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    A Bevy of Queer Films at CAAMFest

    By Gary M. Kramer–

    CAAMFest, the Asian American Film Festival, will screen May 9–19 at Bay Area venues. There will be several films by, for, and about LGBTQ Asians screening this year.

    CAAMFest will give viewers another opportunity to see Extremely Unique Dynamic(May 11, 8 pm, Roxie), the shaggy, amusing meta-movie written, directed by, and starring Harrison Xu, who grew up around Oakland / Fremont, and out gay Ivan Leung. Best friends Daniel (Leung) and Ryan (Xu) are living in LA, but Ryan is about to move to Edmonton, Canada. The film chronicles the buddies’ last weekend together as the straight Ryan coaxes the closeted Daniel into making a movie together about their friendship.

    One of the highlights of this year’s fest will be All Shall Be Well(May 11, 7:30 pm SFMOMA), a poignant, touching drama by out gay writer/director Ray Yeung. Yeung has been making terrific films about queer Asians since 2006 with his debut feature Cut Sleeve Boys. He gained considerable attention for his fabulous 2015 romance, Front Cover. But his latest feature, All Shall Be Well, like his last feature, Twilight’s Kiss, chronicles the lives of LGBTQ Asian seniors.

    This new film, set in Hong Kong, opens warm and gently with lesbian couple Pat Wu (Lin-Lin Li) and Angie Wang (Patra Au) celebrating the mid-Autumn festival with Pat’s extended family. Yeung immerses viewers in the couple’s dynamic, eating together, shopping arm in arm, and spending time with their loved ones. But suddenly and unexpectedly, Pat dies, which leaves Angie bereft. Moreover, Pat had no will, and her family assumes control over the funeral arrangements—ignoring what Angie claims were Pat’s wishes—only for things to get increasingly worse for Angie. She may have to give up the home she and Pat shared for decades.

    All Shall Be Well lets viewers feel such empathy for Angie, and Patra Au delivers a beautifully calibrated performance. She is silent and stoic; her grief and loneliness as well as her pain and memories are all palpable. Yeung’s absorbing film may be modest and understated but it is also quietly powerful.

    CAAMFest will have a queer shorts program, Out/Here (May 12, 2:35 pm, Roxie), featuring a half dozen films about gender identity and expression.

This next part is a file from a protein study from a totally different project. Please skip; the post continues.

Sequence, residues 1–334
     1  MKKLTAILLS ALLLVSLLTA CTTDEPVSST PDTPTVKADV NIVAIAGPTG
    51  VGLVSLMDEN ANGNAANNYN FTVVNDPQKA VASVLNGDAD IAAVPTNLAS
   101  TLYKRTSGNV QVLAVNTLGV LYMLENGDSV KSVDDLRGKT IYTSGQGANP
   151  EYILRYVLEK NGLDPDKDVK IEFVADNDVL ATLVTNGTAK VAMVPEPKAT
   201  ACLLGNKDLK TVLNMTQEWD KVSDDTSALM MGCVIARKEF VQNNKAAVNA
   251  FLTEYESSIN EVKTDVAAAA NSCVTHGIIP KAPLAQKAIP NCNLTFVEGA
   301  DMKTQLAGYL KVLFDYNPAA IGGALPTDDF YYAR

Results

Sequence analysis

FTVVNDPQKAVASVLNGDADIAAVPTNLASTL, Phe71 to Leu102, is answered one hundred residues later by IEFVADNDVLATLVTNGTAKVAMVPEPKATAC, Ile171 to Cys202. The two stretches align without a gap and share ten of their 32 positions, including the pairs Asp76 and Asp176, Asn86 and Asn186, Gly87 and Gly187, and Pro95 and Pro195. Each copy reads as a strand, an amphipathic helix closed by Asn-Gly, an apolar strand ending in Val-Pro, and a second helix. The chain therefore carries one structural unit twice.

The first two films are rather experimental. Mooncake, directed by Rraine Hanson, is a visually imaginative story about an unnamed protagonist (Kennie Zhou), who recalls the crush they had on their teacher (Kae Fujisawa) when their memory is triggered buying a mooncake. Retrieval, by writer/director Fatimah Ashgar, is a meditation on recovery. Ashgar stars as a young woman who seeks healing after a sexual assault. The short has a dreamlike quality to it that gets more serious and thoughtful as it unfolds.

    The program contains two narrative shorts. In Squeegee Boy, Eugene (Cody Vu) is at odds with his mother, Lina (Jenny Jia), in part because Lina refuses to see her preteen daughter Erika as Eugene, the young male he is. When Eugene learns that Lina is in debt, he asks Ben (Ahmire Ingram), who washes car windshields in the street, if he can work with his crew—something Lina frowns upon. As Eugene and Ben connect, they encounter some unexpected trouble. Squeegee Boy is a well-made short that speaks to issues of race, gender, and family. In The Performance, Lin (Lesley Lei Wang) wants her singing at church to “touch” people. At home, she struggles with her gender non-conforming son, Tan (Xiao Jager), who wants to dress as female. The short addresses issues of shame and support as Lin and Tan each forge their own way forward.